When business and IT leaders think about moving their contact centers (or customer engagement centers) into the public cloud, the first thing that often comes to their minds is the control they’ll be giving up. But often, the improved contact center functionality and high availability they get in return is far more valuable.

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It is completely understandable that an organization might be hesitant to hand over the reins of its contact center infrastructure. When systems are housed on-premises, people tend to think that they have the ability to guarantee uptime. But the truth is that cloud contact centers tend to be much more insulated from the factors that cause downtime in the first place.

Here are four ways that the public cloud can improve availability and uptime for enterprise contact centers.

1. Fewer Points of Potential Failure

Although it may seem more secure to have contact center infrastructure housed locally, a surprising number of problems can lead to downtime, including LAN issues, human errors related to configuration or other processes, hardware failures, WAN outages, distributed denial of service attacks, interoperability issues and, of course, natural disasters. Moving a contact center to the cloud effectively lowers the number of things that can go wrong.

2. Redundant Connectivity

Many organizations invest in a second connection to the internet to serve as a backup in case the first connection is somehow severed. However, cloud contact center providers offer unparalleled redundancy, sometimes setting up connections through as many as 15 different carriers. With so many redundant connections, it is highly unlikely that an internet connection will become a point of failure. Potential customers should, of course, do their due diligence. Any cloud contact center provider will report, in some way, about its service level. But it’s up to the customer to dig a little deeper — finding out, for instance, how a vendor defines uptime. It is also important to determine whether uptime metrics are calculated by the vendor companies themselves, or whether an external third party validates the numbers.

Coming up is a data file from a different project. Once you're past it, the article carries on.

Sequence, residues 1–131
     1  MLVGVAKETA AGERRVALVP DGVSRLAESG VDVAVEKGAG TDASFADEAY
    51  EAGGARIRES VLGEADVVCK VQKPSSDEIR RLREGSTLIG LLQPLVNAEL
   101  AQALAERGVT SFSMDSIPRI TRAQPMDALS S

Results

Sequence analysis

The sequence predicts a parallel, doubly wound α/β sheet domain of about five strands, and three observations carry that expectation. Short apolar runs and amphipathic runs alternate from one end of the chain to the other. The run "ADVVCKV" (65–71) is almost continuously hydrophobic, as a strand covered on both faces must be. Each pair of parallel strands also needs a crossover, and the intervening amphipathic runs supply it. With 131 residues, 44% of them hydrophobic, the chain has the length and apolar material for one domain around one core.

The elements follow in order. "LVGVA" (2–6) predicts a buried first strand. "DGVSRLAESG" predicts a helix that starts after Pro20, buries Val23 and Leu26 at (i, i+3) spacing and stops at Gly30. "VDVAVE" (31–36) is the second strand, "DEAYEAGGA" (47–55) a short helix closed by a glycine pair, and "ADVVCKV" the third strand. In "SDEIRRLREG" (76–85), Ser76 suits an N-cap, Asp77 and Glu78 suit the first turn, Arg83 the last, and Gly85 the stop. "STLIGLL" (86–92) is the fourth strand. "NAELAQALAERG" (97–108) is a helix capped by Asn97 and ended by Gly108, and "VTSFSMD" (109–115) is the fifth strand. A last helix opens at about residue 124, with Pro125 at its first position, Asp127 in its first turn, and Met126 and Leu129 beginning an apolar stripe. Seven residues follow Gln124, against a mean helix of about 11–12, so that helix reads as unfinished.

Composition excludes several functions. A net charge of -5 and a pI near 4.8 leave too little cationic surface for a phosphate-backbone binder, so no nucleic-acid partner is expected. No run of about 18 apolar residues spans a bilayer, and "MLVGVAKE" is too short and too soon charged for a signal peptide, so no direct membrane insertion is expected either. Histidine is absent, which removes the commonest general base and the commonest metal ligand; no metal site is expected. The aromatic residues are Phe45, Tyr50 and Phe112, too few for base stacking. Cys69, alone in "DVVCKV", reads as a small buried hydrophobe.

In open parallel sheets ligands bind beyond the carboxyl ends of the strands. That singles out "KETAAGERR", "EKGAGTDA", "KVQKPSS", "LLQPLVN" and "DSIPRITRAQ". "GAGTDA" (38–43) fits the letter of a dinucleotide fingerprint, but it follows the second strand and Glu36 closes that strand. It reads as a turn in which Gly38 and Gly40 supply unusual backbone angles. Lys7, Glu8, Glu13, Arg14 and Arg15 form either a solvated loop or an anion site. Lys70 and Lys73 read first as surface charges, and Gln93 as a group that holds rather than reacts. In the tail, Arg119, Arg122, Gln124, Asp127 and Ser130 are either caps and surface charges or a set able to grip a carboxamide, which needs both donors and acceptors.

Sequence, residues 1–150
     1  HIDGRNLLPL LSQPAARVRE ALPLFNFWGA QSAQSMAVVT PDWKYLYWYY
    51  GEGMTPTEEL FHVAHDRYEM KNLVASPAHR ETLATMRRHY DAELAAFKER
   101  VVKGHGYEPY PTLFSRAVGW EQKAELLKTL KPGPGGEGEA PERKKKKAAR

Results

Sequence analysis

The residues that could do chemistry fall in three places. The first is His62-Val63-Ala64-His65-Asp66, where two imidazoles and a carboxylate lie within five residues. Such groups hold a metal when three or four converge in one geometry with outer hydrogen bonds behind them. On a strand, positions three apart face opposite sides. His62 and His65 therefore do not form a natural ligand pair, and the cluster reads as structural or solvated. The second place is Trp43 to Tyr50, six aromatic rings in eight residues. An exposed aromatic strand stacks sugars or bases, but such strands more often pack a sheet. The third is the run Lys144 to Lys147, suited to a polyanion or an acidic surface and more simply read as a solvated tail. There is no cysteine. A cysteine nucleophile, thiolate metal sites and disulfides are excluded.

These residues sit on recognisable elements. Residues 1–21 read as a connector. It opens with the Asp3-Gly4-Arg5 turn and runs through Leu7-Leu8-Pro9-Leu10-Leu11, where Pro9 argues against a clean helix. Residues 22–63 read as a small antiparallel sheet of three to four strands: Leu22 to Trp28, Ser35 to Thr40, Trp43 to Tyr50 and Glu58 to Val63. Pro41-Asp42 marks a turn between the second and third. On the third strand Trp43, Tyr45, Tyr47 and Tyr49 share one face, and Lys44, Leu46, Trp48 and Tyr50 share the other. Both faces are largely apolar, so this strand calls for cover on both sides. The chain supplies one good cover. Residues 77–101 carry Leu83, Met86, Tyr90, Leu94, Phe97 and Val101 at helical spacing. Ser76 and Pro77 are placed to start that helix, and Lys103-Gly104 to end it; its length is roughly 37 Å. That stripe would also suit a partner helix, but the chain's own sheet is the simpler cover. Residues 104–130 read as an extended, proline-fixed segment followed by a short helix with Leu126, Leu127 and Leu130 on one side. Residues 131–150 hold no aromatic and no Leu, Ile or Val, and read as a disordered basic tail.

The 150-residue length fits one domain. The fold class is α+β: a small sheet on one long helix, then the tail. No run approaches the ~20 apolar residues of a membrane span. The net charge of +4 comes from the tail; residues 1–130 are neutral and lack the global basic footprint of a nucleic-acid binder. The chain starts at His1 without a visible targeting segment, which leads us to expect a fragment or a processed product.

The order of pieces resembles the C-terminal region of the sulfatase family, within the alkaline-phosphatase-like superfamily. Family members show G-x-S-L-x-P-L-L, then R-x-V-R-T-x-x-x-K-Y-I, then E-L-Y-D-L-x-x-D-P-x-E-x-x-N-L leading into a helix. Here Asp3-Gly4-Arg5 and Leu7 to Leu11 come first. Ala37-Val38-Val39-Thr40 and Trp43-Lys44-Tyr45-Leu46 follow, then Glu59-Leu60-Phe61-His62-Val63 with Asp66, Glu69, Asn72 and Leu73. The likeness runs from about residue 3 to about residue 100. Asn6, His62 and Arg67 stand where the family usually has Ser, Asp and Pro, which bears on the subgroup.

3. Third-Party Integrations

Contact centers are not stand-alone systems. They also need to access resources such as enterprise resource management or electronic medical record systems, depending on the vertical. During normal times, organizations with on-premises systems are typically able to support these integrations without much of a problem. But when the unexpected hits — as it did in early 2020, when organizations were forced to send most of their employees to work from home due to the COVID-19 pandemic — it can be a challenge to provide this access. By contrast, a cloud contact center provider will typically take care of these integrations, ensuring that systems work as expected.

4. Location Independence

This is another benefit that was thrown into sharp relief when the coronavirus pandemic hit. Because cloud contact centers can be accessed via an employee’s login credentials from virtually anywhere with an internet connection, these systems provide easy location independence if a physical office needs to be evacuated due to a natural disaster or other threat. When your employees can do their jobs from home, from a coffee shop or even from their cars, you have unlocked a whole new level of contact center availability.